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Chapter 7: Sexual harassment

Sexual harassment and sexual assault can occur in any licensed venue, including live music venues. Sexual harassment and sexual assault can significantly impact upon the safety and well-being of patrons, and can deter people from going out to venues. Patrons can often feel reluctant to speak up if someone is harassing them. There are many steps that venues can take to help prevent sexual harassment and sexual assault, to intervene when it is occurring, to encourage patrons to report incidents to staff, and to respond appropriately when a patron has been harassed or assaulted. By taking action against sexual harassment and assault, venues can help to create safer spaces for everyone to enjoy their night out.

Minimum Requirements

As a workplace, you are required to adhere to the Sex Discrimination Act 1984 (Cth) and the Anti-Discrimination Act 1992 (NT). These laws make it unlawful for a person to sexually harass another person in a number of areas including employment, education, the provision of goods and services and accommodation. Employees may also have a claim under the Fair Work Act 2009 (Cth) General Protections and Unfair Dismissal.

Furthermore, under Work Health and Safety laws, an employer must ensure, so far as is reasonably practicable, the health and safety of its workers. An employer who fails to maintain a safe workplace may be liable under the common law or under the Work Health and Safety Act 2011 (Cth) or equivalent state or territory law.

Accordingly, employers who fail to take reasonable steps to prevent the foreseeable risk of the harm created by sexual harassment may be in breach of the obligation to ensure a healthy and safe work environment and safe systems of work.

Sexual harassment

According to the Australian Human Rights Commission (AHRC), sexual harassment is any unwanted or unwelcome sexual behaviour that makes a person feel offended, humiliated or intimidated. Sexual harassment is not interaction, flirtation or friendship which is mutual or consensual. Sexual harassment is a type of sex discrimination.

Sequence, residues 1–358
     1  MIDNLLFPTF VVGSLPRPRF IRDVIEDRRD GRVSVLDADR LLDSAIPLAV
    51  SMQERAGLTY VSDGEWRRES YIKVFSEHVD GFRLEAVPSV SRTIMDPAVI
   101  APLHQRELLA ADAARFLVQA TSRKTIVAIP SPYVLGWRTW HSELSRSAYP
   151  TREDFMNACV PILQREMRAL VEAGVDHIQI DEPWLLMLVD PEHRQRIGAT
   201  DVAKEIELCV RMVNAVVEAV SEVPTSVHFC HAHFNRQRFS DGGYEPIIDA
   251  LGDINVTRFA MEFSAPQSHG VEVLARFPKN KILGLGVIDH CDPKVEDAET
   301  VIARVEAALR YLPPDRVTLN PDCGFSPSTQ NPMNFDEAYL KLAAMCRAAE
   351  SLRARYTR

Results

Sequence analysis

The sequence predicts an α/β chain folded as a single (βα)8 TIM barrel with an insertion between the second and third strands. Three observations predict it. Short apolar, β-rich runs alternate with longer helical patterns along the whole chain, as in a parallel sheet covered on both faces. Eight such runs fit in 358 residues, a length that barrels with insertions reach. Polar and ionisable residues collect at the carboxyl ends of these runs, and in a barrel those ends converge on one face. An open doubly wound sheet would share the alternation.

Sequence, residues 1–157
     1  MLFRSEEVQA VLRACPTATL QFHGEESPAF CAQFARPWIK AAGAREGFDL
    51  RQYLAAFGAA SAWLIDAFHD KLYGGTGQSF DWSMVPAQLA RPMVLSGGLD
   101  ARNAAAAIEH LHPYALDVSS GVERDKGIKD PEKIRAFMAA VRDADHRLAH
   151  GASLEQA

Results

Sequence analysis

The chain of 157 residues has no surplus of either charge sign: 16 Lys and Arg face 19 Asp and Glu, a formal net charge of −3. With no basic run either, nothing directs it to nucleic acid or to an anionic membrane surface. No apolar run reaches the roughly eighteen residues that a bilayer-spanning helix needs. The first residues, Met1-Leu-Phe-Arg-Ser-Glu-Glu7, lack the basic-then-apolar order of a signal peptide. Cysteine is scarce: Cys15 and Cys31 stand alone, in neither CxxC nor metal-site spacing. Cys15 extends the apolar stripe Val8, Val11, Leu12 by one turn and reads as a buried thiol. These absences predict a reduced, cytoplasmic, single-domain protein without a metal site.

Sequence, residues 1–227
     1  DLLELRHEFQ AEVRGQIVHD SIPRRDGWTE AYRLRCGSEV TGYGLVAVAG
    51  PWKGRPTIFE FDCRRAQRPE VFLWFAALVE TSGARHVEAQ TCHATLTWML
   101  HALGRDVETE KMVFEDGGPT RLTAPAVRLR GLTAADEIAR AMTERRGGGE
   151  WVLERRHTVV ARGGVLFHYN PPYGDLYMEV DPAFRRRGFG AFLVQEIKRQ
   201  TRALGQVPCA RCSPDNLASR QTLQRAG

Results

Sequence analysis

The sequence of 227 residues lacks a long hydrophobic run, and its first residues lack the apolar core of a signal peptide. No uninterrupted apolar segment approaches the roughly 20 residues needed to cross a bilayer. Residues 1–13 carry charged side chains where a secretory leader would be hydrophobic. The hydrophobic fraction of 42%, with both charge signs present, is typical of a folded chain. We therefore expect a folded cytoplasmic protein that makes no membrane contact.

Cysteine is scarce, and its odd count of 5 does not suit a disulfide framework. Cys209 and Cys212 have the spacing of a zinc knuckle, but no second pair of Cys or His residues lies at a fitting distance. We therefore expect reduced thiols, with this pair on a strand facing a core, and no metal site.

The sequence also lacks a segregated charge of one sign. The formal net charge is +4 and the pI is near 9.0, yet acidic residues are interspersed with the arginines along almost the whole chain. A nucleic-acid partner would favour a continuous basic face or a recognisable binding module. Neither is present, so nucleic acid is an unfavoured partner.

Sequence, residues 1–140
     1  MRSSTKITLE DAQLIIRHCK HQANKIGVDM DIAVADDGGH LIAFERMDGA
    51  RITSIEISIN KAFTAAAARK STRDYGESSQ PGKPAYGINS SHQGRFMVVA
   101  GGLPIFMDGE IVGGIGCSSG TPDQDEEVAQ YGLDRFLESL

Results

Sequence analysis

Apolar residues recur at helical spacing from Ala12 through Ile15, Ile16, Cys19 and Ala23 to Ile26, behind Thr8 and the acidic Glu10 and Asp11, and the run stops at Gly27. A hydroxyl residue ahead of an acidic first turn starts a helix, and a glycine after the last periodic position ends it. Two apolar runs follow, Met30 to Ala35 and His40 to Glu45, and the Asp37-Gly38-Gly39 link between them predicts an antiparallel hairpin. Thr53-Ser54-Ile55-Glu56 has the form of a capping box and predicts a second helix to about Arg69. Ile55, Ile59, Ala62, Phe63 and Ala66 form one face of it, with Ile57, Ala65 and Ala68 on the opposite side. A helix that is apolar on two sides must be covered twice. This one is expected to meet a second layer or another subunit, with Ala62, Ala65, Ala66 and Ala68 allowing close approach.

Sexual assault

Sexual assault is an offence under the Criminal Codes Act 1983 (NT). Any suspected or alleged incidents of sexual assault should be treated and responded to seriously. Sexual assault is any sexual activity a person has not consented to. Sexual assault can refer to a broad range of sexual behaviours that make a person feel uncomfortable, frightened or threatened.

Best Practice

Key information

  • To actively prevent instances of sexual harassment and assault at a venue, adoption of a zero tolerance policy for all forms of sexual harassment and assault, between patrons, staff, performing artists, security, or any other person engaged to work at, or visiting the venue is required.
  • Recognition that women, and people of diverse gender and sexualities, are primarily the target of sexual harassment and assault by men. However, both can occur to any person, regardless of gender or sexuality.


  • Venue owners should not direct staff to flirt with patrons and/or dress in a manner that makes the staff member feel uncomfortable. Even in venues that offer adult entertainment or sexualised performance, no staff member should be expected to put up with unwanted sexual advances or harassment from patrons or other members of staff.
  • Staff should monitor patrons they believe may be the target of, or vulnerable to an instance of sexual harassment or assault, and actively monitor or check their well-being.
  • Patrons who are intoxicated, or are disorientated, are under the influence of drugs or other substances or appear to be being targeted require an immediate response from staff.
  • Sexual harassment and sexual assault are often supported or promoted by the broader culture of a venue. Venues may contribute towards the prevention of these behaviours by:
  1. Promoting gender balance of staff, security, performers etc.;
  2. Being inclusive of gender and sexual diversity; and
  3. Promoting a venue culture that is safe and respectful.